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COVID cases soar while schools encourage safety measures

Summit County faces high COVID-19 transmission rates as students return to class today. KPCW has this update on what administrators have in place to help reduce infections in schools.

As Summit County hosts thousands of out-of-town visitors and COVID-19 case counts among resident’s break records, students and staff returning to school have new quarantine guidelines from the CDC.

The CDC shortened its recommendations for quarantine and isolation protocols. CDC officials now say people with COVID should isolate for five days if asymptomatic or if symptoms are improving. The CDC strongly recommends strict mask-wearing for another five days beyond that.

Park City School District sent a letter to parents, teachers and staff outlining a voluntary new 'test to start' program. Testing will be at Park City High School and Ecker Hill Middle School from 7:15 to 9:15 am through this week.

The letter outlines mitigation strategies in place in schools. All the strategies recommended to reduce transmission are voluntary. They include wearing masks indoors and vaccinating everyone aged five and up. The notice also discusses social distancing, sanitation and hygiene practices, filtering and ventilation in school buildings, and encouraging people to test and contact trace when exposed.

Park City School District shows 32 confirmed cases across the district but no new COVID cases as of Monday, January 3.

North Summit School District Superintendent Jerre Holmes said since school started in August, the district has offered daily testing at each school. He said they'll test anyone who asks – not just the school community.

Holmes said currently, there are two cases in the elementary school and none in the middle and high schools.    

"Before the Christmas break, our elementary reached that 2% threshold that the county had turned on for a mask mandate. So we went, I think five days before the break, with masks in our elementary school. Most people were good sports about it. Obviously, we have those who are strongly against it. And we got through that."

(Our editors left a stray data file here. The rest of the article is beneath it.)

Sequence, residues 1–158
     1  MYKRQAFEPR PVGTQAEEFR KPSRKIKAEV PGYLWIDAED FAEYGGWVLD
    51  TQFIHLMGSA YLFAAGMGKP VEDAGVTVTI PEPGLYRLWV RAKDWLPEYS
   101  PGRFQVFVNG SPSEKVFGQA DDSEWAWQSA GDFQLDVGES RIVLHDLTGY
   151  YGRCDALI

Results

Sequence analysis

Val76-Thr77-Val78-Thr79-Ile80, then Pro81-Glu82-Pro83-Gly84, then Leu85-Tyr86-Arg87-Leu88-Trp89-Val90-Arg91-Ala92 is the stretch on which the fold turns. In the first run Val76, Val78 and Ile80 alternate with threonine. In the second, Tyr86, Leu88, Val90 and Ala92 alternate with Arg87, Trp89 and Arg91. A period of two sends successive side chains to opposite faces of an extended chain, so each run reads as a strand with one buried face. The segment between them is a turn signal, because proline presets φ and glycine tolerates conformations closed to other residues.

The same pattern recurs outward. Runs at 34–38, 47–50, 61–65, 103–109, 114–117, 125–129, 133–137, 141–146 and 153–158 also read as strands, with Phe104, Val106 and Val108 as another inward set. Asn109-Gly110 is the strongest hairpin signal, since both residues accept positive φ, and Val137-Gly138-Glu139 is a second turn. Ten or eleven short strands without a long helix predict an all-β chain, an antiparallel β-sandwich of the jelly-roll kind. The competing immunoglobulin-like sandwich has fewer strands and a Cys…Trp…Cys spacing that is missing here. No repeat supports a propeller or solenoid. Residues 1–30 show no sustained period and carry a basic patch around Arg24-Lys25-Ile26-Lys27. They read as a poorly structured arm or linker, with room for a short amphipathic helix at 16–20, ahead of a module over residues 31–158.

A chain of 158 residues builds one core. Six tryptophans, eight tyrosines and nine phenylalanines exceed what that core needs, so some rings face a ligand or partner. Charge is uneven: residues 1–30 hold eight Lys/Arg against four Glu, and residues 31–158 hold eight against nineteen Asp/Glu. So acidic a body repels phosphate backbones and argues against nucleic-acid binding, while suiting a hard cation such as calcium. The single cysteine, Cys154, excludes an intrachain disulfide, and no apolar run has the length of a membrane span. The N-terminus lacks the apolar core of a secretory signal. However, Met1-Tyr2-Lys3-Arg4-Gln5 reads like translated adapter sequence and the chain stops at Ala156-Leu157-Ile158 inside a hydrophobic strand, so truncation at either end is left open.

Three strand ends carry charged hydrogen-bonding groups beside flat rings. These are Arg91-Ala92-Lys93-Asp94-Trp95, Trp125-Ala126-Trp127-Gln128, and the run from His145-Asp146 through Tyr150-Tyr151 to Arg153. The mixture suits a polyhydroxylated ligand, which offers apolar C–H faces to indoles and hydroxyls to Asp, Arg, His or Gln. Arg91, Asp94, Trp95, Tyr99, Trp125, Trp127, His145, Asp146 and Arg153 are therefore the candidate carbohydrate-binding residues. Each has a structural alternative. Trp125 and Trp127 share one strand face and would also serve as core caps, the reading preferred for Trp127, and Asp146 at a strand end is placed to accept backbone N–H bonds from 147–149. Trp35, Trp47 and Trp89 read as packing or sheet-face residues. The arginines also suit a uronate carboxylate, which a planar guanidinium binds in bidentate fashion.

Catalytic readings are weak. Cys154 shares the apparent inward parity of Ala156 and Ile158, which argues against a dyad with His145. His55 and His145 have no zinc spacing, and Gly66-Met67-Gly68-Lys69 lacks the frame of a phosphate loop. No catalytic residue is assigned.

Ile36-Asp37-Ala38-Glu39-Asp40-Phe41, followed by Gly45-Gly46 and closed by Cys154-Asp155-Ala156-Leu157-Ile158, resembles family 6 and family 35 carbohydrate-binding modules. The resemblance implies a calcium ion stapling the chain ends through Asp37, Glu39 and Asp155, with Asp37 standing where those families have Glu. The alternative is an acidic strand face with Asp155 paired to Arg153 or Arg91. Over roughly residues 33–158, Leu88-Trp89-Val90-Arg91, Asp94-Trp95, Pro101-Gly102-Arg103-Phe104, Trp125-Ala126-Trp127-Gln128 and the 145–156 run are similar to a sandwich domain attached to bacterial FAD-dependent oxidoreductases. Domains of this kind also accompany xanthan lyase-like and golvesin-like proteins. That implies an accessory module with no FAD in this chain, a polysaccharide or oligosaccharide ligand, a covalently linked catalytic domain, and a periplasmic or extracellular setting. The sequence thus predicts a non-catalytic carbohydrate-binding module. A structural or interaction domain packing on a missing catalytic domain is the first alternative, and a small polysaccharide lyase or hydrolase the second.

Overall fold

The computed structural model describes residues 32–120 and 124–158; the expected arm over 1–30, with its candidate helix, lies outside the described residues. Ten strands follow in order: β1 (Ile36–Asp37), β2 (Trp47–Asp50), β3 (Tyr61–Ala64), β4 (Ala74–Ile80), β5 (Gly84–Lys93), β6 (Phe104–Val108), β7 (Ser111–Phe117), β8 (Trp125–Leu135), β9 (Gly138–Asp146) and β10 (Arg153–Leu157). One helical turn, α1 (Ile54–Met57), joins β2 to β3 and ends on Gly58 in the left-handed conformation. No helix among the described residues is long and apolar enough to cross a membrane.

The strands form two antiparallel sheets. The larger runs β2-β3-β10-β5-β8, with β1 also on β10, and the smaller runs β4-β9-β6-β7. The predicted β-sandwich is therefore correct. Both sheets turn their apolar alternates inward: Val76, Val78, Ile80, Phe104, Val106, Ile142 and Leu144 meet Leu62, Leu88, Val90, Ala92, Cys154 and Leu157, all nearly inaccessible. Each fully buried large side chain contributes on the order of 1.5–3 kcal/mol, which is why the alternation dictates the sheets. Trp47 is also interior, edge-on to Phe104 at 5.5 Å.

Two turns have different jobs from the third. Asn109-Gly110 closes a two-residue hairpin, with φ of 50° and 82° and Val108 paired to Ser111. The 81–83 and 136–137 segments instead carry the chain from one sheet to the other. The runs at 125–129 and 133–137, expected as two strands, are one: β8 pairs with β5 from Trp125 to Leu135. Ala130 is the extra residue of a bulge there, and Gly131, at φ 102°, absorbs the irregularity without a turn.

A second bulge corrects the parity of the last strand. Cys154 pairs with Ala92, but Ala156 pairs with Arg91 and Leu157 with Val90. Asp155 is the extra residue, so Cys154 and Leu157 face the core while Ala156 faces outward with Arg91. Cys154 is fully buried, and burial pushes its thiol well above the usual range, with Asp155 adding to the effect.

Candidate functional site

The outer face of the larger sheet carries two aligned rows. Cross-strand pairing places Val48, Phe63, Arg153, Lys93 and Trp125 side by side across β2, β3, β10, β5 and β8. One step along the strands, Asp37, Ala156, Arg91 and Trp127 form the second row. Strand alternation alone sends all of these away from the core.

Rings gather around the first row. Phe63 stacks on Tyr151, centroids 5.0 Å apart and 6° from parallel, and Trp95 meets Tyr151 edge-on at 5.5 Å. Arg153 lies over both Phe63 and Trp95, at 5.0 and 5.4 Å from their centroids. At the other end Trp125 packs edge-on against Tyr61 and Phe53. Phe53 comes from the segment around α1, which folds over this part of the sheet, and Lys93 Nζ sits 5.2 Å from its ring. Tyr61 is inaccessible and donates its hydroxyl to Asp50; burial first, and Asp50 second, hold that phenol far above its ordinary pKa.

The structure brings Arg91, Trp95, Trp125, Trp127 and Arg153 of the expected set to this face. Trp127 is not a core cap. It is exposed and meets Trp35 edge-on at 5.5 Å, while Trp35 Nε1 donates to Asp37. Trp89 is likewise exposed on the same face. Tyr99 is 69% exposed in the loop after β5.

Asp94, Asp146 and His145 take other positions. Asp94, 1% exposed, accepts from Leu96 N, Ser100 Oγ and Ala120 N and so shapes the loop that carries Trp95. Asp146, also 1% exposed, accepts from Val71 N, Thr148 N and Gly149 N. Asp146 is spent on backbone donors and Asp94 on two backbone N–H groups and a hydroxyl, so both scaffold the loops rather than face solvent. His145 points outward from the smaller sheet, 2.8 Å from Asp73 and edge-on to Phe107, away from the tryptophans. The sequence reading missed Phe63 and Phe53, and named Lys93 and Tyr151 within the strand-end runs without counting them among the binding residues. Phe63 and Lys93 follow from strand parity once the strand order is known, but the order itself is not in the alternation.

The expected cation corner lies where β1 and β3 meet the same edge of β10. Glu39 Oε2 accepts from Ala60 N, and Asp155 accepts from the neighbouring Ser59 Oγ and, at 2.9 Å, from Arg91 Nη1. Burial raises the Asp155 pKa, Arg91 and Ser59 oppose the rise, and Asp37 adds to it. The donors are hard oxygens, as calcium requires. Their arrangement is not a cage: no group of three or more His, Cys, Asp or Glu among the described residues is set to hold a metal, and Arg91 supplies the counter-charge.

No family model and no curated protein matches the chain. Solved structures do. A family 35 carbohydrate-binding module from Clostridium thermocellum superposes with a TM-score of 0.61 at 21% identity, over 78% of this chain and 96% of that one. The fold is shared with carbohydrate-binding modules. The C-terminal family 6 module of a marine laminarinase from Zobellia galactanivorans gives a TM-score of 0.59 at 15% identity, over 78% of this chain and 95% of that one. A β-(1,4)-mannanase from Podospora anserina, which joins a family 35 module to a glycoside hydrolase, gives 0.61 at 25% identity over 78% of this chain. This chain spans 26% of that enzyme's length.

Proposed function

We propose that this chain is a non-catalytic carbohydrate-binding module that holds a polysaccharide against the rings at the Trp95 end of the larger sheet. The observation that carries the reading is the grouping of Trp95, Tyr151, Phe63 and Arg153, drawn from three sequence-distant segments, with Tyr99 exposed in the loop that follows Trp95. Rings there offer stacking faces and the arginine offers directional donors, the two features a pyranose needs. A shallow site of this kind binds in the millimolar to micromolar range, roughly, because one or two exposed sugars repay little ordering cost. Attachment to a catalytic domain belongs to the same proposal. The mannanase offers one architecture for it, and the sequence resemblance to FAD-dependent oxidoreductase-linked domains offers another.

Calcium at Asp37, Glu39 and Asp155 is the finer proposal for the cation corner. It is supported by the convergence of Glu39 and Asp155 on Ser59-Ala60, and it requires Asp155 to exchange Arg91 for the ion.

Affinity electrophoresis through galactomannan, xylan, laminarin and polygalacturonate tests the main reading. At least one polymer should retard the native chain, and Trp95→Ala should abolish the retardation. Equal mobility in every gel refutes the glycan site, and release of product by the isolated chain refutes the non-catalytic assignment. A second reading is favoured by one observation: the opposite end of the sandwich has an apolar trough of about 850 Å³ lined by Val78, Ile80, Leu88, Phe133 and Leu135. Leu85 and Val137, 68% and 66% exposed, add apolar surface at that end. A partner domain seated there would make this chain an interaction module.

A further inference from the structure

The Summit County Health Department announced it would end its mask mandate Dec. 31 for schools that hit a 2% positive case count threshold.

Holmes said the mask mandate isn’t the only way they could respond to spiking COVID in schools. If there are 30 positive cases in any school, other mitigation measures may be adopted including ‘test to stay.’ The Utah state legislature requires schools with 30 or more active covid cases to implement a test to stay program.

"And now the county is taking that 2% threshold off, and we continue to keep track of our numbers. And what we really don't want to get to is that 30 number which would put us in the 'test to stay' and that will create a lot of chaos if we get to that point. So, we're hoping to not even get close to that. But if we do, we may have to put in some measures. And I'm not going to say what that is because that'll just create a lot of phone calls for me. We'll do what we can to mitigate before we get to 30."

In a letter posted on the website, South Summit School District encourages everyone to stay home when sick. The district will provide the new CDC quarantine guidelines and how the schools will address traditional winter illnesses.

The January 3 New York Times Covid tracker reports the number of Summit County cases is extreme, with the last week's totals exceeding all positive case counts since the pandemic began. The report says that more than 19% test positivity rate in Summit County is very high, suggesting a significant undercounting of cases. Positive case counts do not include those who test positive and live out of the county.

KPCW reporter Carolyn Murray covers Summit and Wasatch County School Districts. She also reports on wildlife and environmental stories, along with breaking news. Carolyn has been in town since the mid ‘80s and raised two daughters in Park City.